Indianapolis’ new Clinician-Led Community Response Pilot Program has been responding to mental health crises since July 1.
The team consists of clinicians and peer specialists – no police officers. They are dispatched to people in crisis who call 911.
Dispatchers have been trained to triage 911 calls to identify if the CLCR team is the appropriate team to send. If there is a public safety threat, then the Indianapolis Metropolitan Police Department or the Mobile Crisis Assistance Team – a crisis response unit which includes a police officer – will be sent instead.
The pilot program was granted $2 million in funding last year. Currently, the program only operates in the city’s downtown district, but will expand to the east side district. The team operates from 10 a.m. to 8 p.m. daily, with hopes to extend the hours.
The team can connect people with mental health resources, and transport them to a hospital or treatment center, such as the city’s Assessment and Intervention Center at the Community Justice Campus.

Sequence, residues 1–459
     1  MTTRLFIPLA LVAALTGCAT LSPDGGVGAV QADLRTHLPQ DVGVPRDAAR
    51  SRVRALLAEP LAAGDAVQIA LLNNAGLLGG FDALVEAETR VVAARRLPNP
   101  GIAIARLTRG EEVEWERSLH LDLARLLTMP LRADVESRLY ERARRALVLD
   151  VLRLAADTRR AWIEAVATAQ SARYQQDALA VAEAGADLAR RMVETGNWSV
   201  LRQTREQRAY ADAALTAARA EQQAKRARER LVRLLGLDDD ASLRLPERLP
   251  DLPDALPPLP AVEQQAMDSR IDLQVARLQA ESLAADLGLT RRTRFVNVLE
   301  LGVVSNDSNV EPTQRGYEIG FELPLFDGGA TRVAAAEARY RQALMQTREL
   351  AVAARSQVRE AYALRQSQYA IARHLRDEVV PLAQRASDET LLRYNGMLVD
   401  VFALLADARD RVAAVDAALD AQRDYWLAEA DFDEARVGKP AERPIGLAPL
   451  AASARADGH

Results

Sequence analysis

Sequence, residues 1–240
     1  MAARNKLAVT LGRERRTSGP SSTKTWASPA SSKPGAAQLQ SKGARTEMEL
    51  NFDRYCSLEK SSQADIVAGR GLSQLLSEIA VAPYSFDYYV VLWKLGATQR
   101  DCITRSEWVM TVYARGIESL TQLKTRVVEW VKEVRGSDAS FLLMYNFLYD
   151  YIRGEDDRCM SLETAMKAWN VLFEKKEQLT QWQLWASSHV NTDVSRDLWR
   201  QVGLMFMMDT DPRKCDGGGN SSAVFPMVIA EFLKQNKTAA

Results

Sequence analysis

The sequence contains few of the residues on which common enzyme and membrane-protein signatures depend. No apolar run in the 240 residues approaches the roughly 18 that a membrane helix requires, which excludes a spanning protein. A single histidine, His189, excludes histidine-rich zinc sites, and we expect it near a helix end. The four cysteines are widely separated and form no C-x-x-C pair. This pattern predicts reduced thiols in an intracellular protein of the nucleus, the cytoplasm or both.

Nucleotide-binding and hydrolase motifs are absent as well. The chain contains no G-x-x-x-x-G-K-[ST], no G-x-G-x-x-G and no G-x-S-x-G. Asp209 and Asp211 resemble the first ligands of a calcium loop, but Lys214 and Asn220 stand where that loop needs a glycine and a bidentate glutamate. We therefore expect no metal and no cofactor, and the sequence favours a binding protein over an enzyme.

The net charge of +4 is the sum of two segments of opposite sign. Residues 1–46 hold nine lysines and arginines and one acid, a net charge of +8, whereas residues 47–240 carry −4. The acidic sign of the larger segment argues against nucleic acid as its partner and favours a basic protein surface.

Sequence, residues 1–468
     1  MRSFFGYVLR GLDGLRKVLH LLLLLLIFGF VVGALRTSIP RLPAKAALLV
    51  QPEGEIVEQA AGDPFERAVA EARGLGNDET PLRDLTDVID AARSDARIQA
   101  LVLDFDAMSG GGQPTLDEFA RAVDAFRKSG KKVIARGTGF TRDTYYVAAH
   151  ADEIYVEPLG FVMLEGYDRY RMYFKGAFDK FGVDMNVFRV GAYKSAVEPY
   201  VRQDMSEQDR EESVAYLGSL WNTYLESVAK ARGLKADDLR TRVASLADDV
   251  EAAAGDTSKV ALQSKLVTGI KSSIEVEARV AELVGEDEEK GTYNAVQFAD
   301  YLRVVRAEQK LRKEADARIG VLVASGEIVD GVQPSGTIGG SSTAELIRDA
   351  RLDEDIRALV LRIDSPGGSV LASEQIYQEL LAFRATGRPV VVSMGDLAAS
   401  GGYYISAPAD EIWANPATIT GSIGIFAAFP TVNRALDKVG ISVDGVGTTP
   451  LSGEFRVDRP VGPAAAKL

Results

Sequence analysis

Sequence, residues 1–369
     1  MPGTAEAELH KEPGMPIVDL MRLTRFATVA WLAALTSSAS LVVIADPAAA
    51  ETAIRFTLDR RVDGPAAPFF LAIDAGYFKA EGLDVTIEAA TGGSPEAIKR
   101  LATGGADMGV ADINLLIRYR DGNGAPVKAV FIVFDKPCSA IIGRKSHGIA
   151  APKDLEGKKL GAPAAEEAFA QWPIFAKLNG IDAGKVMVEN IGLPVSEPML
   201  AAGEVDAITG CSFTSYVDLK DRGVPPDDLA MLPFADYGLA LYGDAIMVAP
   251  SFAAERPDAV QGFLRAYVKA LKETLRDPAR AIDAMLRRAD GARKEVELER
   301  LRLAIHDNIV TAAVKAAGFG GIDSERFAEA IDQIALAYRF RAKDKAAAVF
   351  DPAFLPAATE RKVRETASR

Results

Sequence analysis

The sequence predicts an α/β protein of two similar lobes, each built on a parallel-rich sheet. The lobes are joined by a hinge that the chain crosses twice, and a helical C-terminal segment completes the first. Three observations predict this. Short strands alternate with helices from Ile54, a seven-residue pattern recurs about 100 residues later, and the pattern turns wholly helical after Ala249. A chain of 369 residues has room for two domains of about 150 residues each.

“This team can divert health problems away from incarceration and into effective treatment,” said Indianapolis Mayor Joe Hogsett.
Andrea Brown is the director of operations for Stepping Stone Therapy Center, which is responsible for managing the response teams. She says the initiative will improve safety and wellbeing in the city.
“Recognizing the significance of mental health in the broader context of public safety is a progressive step in addressing the root causes of crime, violence and community unrest,” she said.
Community members have called for a team that doesn’t include police for years. Calls for change increased following the in-custody death of Herman Whitfield III last year.